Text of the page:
Playing From Dust is like building sandcastles while the tide comes in. The player controls an unseen force, which can lift and drop large quantities of earth and water. The objective is to assist a primitive tribe of pioneering villagers and encourage the growth of their settlements. Moment to moment, the focus is on establishing pathways and platforms to enable the spread of civilization across the land, but all the while lingers an understanding that time waits for no one, and any illusion of manmade permanency will eventually be washed away by the gentle, natural, unstoppable flow of the currents.
If From Dust is a "God Game," it is a decidedly pantheistic one. Players take on the role of a magical manifestation of the will of the people, not the personality of a detached deity with intricate construction plans. Compared with the power to dig riverbeds and build mountains, the accomplishment of nurturing the tribe to cover the land with villages -- thus, solving the level -- sometimes seems anti-climatic. The people are just one more factor in the interconnected game world. Yet it is the tribe's ongoing endeavors that make play compelling. Without them, From Dust would be a fun-for-15-minutes tech demo.
Even wielding godlike powers, players do not control nature in From Dust; they work with it. Challenges are seldom solved so simply as by dumping a load of dirt to build a land bridge to the next island, for example, because flowing water erodes even the most carefully placed mounds and ridges. Players must ply their will with foresight of the interworking of natural forces. From Dust is more about influence than conquest, to the extent that this civilization-spreading puzzle play sometimes feels secondary, serving only to provide a goal in an otherwise limitless world of directionless possibility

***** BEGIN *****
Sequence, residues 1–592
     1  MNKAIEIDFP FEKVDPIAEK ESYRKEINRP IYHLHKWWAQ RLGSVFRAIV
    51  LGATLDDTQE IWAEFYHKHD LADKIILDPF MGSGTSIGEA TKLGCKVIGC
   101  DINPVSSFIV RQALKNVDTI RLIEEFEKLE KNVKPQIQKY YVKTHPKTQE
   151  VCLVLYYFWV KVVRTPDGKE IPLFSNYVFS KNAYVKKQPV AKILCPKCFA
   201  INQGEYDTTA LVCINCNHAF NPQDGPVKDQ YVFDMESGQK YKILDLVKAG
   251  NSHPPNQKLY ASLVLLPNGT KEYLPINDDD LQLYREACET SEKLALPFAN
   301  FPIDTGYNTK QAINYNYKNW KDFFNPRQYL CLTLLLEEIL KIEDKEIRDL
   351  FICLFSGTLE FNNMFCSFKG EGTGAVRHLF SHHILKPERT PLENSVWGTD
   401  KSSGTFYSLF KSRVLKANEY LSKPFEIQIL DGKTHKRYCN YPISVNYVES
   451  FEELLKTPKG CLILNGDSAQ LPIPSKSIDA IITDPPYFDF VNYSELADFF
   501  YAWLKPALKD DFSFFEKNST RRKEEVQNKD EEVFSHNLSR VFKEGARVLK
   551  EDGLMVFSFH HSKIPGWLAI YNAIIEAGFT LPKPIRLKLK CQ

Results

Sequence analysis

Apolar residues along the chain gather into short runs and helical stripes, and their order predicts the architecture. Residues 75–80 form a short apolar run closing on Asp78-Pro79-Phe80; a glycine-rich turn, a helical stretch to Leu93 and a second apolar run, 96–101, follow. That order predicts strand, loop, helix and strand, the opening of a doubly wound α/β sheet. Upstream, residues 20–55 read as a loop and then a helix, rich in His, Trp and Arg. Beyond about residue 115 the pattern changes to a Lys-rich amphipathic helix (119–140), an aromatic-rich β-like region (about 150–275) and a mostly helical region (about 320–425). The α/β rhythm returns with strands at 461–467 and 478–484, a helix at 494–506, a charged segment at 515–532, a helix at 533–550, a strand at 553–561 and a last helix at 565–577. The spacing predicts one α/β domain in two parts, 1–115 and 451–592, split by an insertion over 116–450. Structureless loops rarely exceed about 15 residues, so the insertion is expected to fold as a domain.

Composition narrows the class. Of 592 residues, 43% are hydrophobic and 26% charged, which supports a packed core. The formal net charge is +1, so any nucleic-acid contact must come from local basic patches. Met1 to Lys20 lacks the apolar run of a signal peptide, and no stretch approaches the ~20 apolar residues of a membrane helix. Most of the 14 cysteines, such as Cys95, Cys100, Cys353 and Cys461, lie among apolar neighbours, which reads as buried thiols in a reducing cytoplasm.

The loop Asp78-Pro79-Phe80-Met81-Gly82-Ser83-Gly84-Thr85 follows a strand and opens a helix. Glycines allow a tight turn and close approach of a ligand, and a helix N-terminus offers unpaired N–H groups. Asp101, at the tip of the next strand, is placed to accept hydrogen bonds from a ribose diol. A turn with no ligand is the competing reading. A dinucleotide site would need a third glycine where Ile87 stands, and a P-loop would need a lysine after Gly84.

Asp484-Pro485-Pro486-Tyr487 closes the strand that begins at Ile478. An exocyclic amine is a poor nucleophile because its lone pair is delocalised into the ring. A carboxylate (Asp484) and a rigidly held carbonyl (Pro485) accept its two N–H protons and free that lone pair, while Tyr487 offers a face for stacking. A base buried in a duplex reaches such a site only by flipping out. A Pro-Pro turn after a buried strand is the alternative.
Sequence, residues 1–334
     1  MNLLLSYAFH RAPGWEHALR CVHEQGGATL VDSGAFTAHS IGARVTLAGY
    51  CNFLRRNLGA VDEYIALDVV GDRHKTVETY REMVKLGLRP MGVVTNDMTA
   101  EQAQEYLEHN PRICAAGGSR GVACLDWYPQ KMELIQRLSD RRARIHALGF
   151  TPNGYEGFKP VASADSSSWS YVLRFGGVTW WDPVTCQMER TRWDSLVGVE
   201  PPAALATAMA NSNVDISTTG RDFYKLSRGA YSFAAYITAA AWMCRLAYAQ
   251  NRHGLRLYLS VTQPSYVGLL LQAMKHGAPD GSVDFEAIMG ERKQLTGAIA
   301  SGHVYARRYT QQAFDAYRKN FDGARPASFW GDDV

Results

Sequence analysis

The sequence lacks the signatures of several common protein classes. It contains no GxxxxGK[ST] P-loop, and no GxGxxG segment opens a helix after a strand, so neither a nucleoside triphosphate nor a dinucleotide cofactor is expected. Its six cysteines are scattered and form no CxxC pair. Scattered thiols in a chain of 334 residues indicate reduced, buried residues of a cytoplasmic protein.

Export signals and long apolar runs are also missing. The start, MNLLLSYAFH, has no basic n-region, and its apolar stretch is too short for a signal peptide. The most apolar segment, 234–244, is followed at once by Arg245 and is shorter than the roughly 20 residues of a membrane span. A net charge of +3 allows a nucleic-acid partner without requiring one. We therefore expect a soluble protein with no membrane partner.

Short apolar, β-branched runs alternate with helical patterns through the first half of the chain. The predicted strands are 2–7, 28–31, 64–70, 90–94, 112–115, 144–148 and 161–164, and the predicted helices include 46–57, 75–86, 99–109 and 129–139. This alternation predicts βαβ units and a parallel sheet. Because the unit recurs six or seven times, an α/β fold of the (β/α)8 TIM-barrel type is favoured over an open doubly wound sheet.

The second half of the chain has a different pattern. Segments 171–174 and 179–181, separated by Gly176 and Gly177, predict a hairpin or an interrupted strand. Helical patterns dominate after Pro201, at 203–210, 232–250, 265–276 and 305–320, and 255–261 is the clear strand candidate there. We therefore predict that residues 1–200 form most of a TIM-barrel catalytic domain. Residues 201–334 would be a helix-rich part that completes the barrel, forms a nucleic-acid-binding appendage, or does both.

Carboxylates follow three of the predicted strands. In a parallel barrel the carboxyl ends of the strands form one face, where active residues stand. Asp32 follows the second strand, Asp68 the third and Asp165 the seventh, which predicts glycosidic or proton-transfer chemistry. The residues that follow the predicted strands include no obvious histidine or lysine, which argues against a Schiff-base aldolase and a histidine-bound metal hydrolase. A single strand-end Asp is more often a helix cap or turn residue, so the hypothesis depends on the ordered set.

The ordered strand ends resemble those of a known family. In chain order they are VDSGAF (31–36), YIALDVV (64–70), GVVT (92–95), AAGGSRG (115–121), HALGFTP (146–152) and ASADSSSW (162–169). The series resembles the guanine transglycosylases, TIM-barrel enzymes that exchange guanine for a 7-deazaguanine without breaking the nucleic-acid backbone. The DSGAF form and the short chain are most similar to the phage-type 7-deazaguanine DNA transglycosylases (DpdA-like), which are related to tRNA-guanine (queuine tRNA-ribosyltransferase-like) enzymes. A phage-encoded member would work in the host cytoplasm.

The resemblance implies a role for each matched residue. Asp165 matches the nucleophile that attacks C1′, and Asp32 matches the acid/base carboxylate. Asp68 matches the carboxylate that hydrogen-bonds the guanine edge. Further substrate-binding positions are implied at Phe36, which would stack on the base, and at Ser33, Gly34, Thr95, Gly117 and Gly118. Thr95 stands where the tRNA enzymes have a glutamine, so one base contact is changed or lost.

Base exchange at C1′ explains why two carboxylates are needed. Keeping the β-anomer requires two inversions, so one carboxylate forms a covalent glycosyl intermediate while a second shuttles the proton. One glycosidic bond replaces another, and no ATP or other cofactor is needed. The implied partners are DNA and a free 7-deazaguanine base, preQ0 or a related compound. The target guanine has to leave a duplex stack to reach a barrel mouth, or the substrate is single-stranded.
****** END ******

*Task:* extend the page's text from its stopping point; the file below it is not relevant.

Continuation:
This goal makes the game. At the start of a level, players are presented with a barren island chain, empty but for a few challengingly placed totems. As tribespeople establish a new village at each totem, the player unlocks another land-sculpting ability, such as the power to temporarily "jellify" water for easy clearance, or to drip out new mountain ranges from a handful of molten lava. Other in-world functionalities, such as moveable plants that can extinguish fires or blast craters in solid rock, offer additional powers, even if their paranormal presence belies the believability of the naturalistic setting.
Overcoming such juxtaposition, there is a welcoming unity of presentation in From Dust. Ancient-sounding music and language evoke a setting that feels grounded and authentic. Sharp graphics and animations portray a familiar Earth in some mysterious era, innately recognizable but free from the credentials of historical deliberation. This unity illuminates a dualism of the human condition: we are an integral, native part of nature, ever-striving to assert our presence against the natural flow. In this game, as with a sandcastle built at the edge of the sea, the beauty of human design is accentuated by its impermanence.
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